Falling commodity prices hit resources states
Falling commodity prices and a rising dollar threaten to wipe almost $2 billion from the West Australian and Queensland budgets, plunging the resources growth engines into deficit, according to the Australian Financial Review.
NSW and South Australian revenues will also take a large hit, due to weaker than expected royalty streams, and the rest of the nation will be caught up in the downswing as the size of the pool of GST revenue shrinks.
Analysis by the AFR has found a rapidly deteriorating iron ore price and stronger than expected exchange rate will leave WA with an almost certain deficit in 2012-13, despite forecasts of a $196 million surplus.
Rushed carbon permit auction to prop up budget
The federal government plans to bolster its sagging budget bottom line by a near tripling of the auction of carbon emissions permits in 2013-14, according to the AFR.
Draft changes released over the weekend, and designed to legislate for last week’s scrapping of the carbon floor price, reveal that the government will increase the number of carbon permits available for auction from 15 million to up to 40 million.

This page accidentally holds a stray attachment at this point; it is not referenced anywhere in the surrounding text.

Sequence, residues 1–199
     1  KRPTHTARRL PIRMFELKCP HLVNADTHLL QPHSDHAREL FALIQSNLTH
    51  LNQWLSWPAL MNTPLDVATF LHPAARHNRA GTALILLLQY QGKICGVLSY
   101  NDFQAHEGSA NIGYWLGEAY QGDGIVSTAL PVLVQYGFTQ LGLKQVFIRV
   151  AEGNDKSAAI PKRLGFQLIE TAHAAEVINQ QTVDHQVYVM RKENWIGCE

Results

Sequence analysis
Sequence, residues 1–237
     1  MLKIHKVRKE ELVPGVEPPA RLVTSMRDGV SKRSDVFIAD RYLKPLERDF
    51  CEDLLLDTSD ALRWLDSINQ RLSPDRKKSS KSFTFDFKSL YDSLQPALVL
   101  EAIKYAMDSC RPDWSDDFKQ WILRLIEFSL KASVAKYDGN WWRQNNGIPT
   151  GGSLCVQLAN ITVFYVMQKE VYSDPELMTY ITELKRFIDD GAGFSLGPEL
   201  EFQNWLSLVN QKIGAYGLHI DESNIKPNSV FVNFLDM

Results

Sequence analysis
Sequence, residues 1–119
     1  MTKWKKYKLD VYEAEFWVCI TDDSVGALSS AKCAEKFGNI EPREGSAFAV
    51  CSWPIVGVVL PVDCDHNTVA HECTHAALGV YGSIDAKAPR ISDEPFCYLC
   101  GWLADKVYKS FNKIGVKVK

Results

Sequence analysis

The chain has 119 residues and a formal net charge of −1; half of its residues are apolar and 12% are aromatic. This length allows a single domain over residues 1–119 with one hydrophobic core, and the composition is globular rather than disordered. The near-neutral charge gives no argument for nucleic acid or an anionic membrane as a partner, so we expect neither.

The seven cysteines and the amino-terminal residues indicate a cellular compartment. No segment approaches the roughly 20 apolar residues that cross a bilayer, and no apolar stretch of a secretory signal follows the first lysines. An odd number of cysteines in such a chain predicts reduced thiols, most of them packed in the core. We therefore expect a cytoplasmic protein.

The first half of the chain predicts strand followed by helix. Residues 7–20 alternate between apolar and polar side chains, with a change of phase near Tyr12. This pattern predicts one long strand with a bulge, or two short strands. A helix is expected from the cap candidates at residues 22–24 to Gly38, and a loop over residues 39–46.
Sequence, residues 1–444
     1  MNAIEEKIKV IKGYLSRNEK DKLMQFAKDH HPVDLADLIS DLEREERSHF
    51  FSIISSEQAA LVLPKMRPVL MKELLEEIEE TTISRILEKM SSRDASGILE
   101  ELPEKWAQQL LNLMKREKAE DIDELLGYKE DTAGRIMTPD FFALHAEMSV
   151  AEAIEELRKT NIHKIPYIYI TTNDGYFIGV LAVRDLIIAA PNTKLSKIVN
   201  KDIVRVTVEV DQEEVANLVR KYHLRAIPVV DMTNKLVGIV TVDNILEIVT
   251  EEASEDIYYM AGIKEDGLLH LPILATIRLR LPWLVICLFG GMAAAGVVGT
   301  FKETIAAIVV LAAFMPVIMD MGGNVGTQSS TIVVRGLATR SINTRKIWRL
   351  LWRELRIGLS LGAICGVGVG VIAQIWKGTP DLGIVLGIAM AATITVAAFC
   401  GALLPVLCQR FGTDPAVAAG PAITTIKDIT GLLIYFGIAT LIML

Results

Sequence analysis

With the May budget projecting a paper-thin surplus in 2013-14 of $2 billion, an additional $375 million in revenue from forward permits – based on a price of $15 per tonne of carbon – would help counterbalance falling iron ore prices and rising expenditure commitments.
Orica weighs $1B Minova sale
Orica is understood to be considering the sale of Minova, which sells items such as steel bolts and resin capsules used in ground support systems, according to the AFR.
Sources said Orica had approached potential buyers, and an information memorandum was being prepared to formally consider a sale. Independent adviser Lazard is thought to be involved.
Minova, which makes up about 13% of Orica’s revenue, is worth $1 billion to $1.3 billion according to analysts. RBS values it at 7.6 times one-year forward EBITDA, while JPMorgan says it is worth 10.3 times EBITDA.
Either valuation would make Minova a lower quality business than Orica’s mining services unit and higher quality than its chemicals business.